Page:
Thus, with a view to Zosima's own resurrection, there is perhaps nothing more fitting to read than the story of Christ's delight in the sensual pleasure of those he came to suffer for. Similarly, in Bernanos's Diary of a Country Priest, following the countess' death the curate of Ambricourt remembers with joy the hope and the peace that he was able to instill in her and of which she had written so ardently in her final letter to him. He speaks of his awe in the face of the uncanny possibility of being able to give something meaningful: "oh, miracle--thus to be able to give what we ourselves do not possess, sweet miracle of our empty hands!" (180). He did not rejoice in his role in her eternal salvation alone, but also in the physical relief and delight that she was able to experience before her untimely death thanks to their moment of communion. Michael R. Tobin writes of this passage in his biography Georges Bernanos: The Theological Source of His Art that when in the central scene the priest rescues the countess from her despair, she rediscovers that "hope is the flesh of my flesh" (175). This hope was not merely for an intangible, non-corporeal existence, but one that began to take effect in the reality of flesh and blood where at once wounds ache and fester yet also where a kiss can send warm sensations. All the carnal pleasures of this life can only be truly savored as gifts either given to another and born from responsibility, risk and self-sacrifice, or received from another who has undertaken the aforementioned on our behalf. The delights of the flesh are the children of joy.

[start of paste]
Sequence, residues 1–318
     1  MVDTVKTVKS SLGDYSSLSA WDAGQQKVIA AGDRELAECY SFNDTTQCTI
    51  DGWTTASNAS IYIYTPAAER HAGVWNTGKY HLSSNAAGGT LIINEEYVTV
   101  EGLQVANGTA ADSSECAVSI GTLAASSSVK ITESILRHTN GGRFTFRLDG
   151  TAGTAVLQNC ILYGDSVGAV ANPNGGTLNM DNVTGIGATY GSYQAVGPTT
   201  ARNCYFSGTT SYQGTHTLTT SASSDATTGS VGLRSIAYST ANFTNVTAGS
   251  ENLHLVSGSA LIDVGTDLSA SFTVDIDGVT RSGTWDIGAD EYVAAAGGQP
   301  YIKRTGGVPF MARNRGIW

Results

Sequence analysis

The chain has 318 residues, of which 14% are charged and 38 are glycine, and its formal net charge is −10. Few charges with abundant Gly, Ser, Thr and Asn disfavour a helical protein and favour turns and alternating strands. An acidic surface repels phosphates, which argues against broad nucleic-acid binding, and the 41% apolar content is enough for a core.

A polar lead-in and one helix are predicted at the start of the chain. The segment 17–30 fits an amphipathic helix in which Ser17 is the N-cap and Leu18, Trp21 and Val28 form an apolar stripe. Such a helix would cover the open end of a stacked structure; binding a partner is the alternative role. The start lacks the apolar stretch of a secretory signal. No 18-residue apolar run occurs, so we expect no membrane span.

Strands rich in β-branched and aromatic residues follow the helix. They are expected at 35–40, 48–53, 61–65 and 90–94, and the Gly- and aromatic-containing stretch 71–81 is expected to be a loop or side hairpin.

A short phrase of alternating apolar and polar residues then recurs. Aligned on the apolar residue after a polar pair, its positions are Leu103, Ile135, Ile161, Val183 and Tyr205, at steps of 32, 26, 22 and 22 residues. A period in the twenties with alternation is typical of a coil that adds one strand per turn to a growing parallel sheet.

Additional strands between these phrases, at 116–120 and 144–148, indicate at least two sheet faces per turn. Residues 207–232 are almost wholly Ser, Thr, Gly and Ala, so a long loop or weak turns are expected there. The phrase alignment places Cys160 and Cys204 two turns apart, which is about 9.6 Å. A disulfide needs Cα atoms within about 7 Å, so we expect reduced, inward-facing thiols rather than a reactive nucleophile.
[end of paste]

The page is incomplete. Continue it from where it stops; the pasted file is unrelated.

There remains yet an aspect of joy distinct from the satisfaction received from self- sacrificial love for others and the sharing of prosaic gifts, although it is indeed an integral part of these practices: the joy of community. Thirst for community is perhaps the innate driving force behind the search for joy as an experience, whether or not we are fully aware of it. This sense of community is not merely the assurance afforded by love that another will do whatever it takes to be with us, nor the luxurious comfort of gifts expressing affection, but the recognition that another is like us, that there is a mutual resemblance although not necessarily an obvious one. At the moment when he realizes that Alyosha is not so far removed from him as he imagined, the young boy Kolya exclaims: "oh, how I love you and admire you at this moment just because you are rather ashamed! Because you are just like me" (523). Dostoyevsky goes on to add that he said it "in positive ecstasy. His cheeks glowed, his eyes beamed" (523). Interestingly, the resemblance that Kolya perceived is not something related to a character trait he is particularly proud of or a cause he feels passionately about: it is a resemblance of weakness, an acknowledgement that Alyosha is vulnerable, too, and that although he does not try to hide it, he blushes to speak if it. What joy there is in seeing that another is open to and can be touched by pain just as much as we ourselves can. What unspeakable happiness and relief in recognizing that another shares the burden of our guilt, that we are not the sole individual cause of all that is amiss in life. For Bernanos's curate of Ambricourt this community of shame, of guilt, or pain originates first of all in god and is only sustainable through him: "true pain coming out of a man belongs primarily to God, it seems to me. I try and take it humbly to my heart, just as it is. I endeavor to make it mine--to love it. And I understand all the hidden meaning of the expression which has become hackneyed now: to commune with. Because I really 'commune' with his pain" (83).